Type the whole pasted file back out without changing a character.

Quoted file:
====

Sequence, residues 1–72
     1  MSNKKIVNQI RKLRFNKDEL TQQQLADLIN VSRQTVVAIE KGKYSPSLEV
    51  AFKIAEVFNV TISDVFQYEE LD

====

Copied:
Sequence, residues 1–72
     1  MSNKKIVNQI RKLRFNKDEL TQQQLADLIN VSRQTVVAIE KGKYSPSLEV
    51  AFKIAEVFNV TISDVFQYEE LD